Will the introduced mussel Mytilus galloprovincialis outcompete the native mussel M. trossulus in Puget Sound? A study of relative survival and growth rates among different habitats

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Proceedings of the Puget Sound Georgia Basin Conference, Seattle, 2005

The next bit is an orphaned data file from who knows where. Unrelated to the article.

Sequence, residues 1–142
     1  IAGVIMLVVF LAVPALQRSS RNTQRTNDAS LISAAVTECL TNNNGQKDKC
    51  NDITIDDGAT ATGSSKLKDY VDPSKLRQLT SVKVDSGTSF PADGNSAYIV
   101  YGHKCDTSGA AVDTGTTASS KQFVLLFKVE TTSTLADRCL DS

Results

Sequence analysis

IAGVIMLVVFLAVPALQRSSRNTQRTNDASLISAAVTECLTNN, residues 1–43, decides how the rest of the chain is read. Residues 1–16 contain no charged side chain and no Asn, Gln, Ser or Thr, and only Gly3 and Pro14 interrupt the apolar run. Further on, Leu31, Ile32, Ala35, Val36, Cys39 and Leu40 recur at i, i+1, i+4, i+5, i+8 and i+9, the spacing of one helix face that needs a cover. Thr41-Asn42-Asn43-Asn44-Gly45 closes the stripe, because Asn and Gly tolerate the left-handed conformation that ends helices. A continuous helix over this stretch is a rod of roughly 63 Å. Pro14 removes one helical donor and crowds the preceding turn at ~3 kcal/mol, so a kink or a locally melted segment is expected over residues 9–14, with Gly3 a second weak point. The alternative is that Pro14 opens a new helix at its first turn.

The Mediterranean mussel (Mytilus galloprovincialis = Mg) has become established throughout Puget Sound and the effects of this species introduction on the native mussel M. trossulus (Mt) are unknown. Mg and hybrids between Mg and Mt (Mgt) are abundant on floating docks and large Mg and Mgt mussels also occur at low frequencies in the intertidal zone and in areas of low salinity. A variety of factors (e.g., growth/survival rates, predation, larval recruitment) may be causing these observed distribution patterns. In this study we performed three field experiments to examine the relative survival and growth rates of Mg and Mt: 1) at different tide heights on pilings vs subtidal locations on docks, 2) when grown in single-species groups and mixed-species groups, and 3) at locations with different salinities. Individuals of Mg had higher survival and growth than Mt in all areas except the high intertidal. Each species had similar growth rates when grown in single and mixed-species groups. Mg had higher survival and growth rates than Mt under both high and low salinity. These results indicate that the introduced Mg has superior growth and survival to the native Mt, and Mg has the potential to outcompete Mt under certain environmental conditions.